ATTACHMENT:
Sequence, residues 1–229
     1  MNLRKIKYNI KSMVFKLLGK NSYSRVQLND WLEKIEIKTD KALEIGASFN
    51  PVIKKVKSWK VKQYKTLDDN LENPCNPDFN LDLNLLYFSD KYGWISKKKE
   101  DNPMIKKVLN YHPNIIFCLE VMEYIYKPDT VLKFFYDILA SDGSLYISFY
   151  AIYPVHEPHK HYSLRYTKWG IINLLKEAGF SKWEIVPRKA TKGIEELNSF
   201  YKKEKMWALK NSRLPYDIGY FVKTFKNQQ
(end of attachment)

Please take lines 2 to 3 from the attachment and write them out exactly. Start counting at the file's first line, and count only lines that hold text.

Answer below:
     1  MNLRKIKYNI KSMVFKLLGK NSYSRVQLND WLEKIEIKTD KALEIGASFN
    51  PVIKKVKSWK VKQYKTLDDN LENPCNPDFN LDLNLLYFSD KYGWISKKKE